Non-Profit Orientation. The authors have produced the Students' Guide to Italian Renaissance Architecture at their own expense.  They wanted to see what could be accomplished if profit was not the goal and a deadline did not limit the scope.  This e-book is freely available for personal and educational use.  Commercial use or the production of derivative products are prohibited.  (See User License Agreement)


Origin of the Project.  The project originated with classroom efforts to improve student understanding and stimulate interest in architecture by creating pictorial explanations.  Using an e-book format made it possible to create a complete cultural context by providing links to explanatory text and graphics.  The result combines qualities of both a chronological survey and a series of reference books.


Authors.  The Students’ Guide to Italian Renaissance Architecture was produced over the past two decades through a collaboration between an art historian, Margaret Herke, and a computer programmer, John Herke. After receiving an M.A., Margaret completed course work for a Ph.D. with an Art History core at Florida State University.  She taught art history and humanities at the University of North Carolina in Greensboro and the North Carolina University of the Arts in Winston-Salem. 


Production.  The e-book was initially produced by John Herke using Microsoft's Multimedia Viewer authoring software.  Conversion to XHTML, a universal platform, and administration of the website were performed by Tom Armstrong, Senior Consultant of TECH Genesis Co., Inc., using EC-Software's Help and Manual authoring program, along with other editing tools.  Current maintenance and additional features will be accomplished using Help and Manual.


Assistance and Image Sharing.  The authors are especially grateful to Dr. Karen Lloyd and Dr. Lisa Tice for assistance in correcting errors and editing.  Lisa also contributed many photographs of architectural monuments, and Karen also wrote much of the material on women as patrons.  Thanks also to Dr. Kandice Rawlings, who edited part of the Reference section.  The authors also wish to thank Dr. Maia Gahtan for taking many of the photographs, reading early versions, and supplying preliminary notes for several of the Reference sections.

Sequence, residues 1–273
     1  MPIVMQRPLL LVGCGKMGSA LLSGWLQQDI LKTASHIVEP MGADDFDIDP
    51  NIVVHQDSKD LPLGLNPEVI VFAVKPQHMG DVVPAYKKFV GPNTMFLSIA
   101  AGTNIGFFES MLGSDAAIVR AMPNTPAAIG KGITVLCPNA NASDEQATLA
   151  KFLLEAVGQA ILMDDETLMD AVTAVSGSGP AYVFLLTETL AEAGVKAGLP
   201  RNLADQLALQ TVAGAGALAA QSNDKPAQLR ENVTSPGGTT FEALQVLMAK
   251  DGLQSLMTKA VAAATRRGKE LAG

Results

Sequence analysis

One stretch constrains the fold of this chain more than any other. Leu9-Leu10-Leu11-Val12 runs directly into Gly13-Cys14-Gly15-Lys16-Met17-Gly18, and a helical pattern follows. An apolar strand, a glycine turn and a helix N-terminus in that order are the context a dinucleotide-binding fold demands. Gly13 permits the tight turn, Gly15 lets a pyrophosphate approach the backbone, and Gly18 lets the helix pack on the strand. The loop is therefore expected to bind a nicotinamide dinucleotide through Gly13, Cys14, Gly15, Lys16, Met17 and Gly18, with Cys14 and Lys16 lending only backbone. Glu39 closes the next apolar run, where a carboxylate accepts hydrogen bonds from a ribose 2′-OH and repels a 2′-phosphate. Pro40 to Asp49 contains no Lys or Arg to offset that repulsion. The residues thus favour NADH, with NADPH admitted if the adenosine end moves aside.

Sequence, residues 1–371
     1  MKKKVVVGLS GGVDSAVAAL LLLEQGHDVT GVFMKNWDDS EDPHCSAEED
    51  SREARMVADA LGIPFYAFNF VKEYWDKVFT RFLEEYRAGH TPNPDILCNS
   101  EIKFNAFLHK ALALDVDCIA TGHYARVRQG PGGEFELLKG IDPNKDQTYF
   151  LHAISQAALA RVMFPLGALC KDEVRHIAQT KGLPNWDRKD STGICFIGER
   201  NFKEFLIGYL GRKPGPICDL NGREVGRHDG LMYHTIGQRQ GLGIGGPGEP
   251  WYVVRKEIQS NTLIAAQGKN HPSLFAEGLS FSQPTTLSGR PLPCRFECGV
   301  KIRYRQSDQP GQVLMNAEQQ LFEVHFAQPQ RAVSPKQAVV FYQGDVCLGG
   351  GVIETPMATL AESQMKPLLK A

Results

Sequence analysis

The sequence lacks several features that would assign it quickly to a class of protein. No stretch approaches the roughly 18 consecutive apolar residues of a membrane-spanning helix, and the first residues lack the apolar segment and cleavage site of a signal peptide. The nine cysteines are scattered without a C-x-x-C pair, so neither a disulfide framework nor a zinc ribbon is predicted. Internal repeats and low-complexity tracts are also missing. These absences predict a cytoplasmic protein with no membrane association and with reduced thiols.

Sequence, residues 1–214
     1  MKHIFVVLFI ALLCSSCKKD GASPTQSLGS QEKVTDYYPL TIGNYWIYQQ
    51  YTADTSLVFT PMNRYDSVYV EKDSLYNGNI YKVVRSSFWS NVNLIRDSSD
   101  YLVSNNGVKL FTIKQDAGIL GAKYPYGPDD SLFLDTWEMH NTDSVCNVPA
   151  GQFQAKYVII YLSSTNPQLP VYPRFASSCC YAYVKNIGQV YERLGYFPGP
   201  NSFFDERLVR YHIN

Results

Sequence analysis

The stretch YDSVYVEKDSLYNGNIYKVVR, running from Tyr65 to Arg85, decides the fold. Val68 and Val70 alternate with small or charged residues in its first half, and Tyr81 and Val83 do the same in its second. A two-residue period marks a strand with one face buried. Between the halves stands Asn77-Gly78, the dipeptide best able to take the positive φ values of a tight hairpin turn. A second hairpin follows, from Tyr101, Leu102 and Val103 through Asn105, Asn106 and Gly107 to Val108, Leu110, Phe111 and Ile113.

Special thanks are due to Dr. Constance Moffatt for contributing photographs taken of the Vigevano piazza and providing student feedback.   Special thanks are also due to Dr. Nicholas Adams for suggestions about content, a completion strategy, and permission to use many of his photographs of Italian fortifications. Thanks are due to Dr. Simon Pepper for permission to use many drawings of fortifications that he prepared.


We wish to thank the members of the College Art Association and the Society of Architectural Historians who responded to our ads offering CD discs of the program when we were attempting to achieve a peer review to determine whether to convert the Windows software to a universal platform.  The authors also wish to thank friends and family members who contributed pictures to the project.  We also wish to thank Peggy Armstrong for advice on organizing and formatting text. 


Thanks are also due to Statler Gilfillen for introducing us to the world of online book acquisition. Since we began this e-book long before public-domain images were readily available online, our collection of public-domain images consisted only of those that we had scanned from out of copyright books owned by university libraries.  His advice was crucial in facilitating our acquisition of out-of-copyright books from which we scanned additional essential images.


Graphic Images and B&W Photographs.  Except where noted on the image, the graphic images and black and white photographs are in the public domain.  Most have been scanned by the authors from folios and books borrowed from university libraries or purchased from used-book dealers.  Any re-use of images that are overlaid with explanatory graphics or labels must be accompanied by notices acknowledging this e-book as the source.


Color Photographs.  Color photographs are not in the public domain and are subject to copyright law.  Many photographs are used under license from licensing agencies, and many have been used by consent of the individuals who took them (see “Assistance and Image Sharing” above). Any use of these images must adhere to the licensing terms in the High Rock Interactive End User License Agreement, whose restrictions are in keeping with the licenses through which the images are made available. The licensed works include images from the following:


1)Corel Incorporated.  Over 300  photographic images have been leased from Corel Corporation in Ottawa, Ontario, Canada.  Copyright © 2015 High Rock Interactive, LLC and Corel Corporation


2)Planet Art.  Many of the images illustrating art works were leased from Planet Art, Beverly Hills, CA.


© 2015 High Rock Interactive, Inc. and its licensors, including but not limited to Corel and Planet Art. All rights reserved.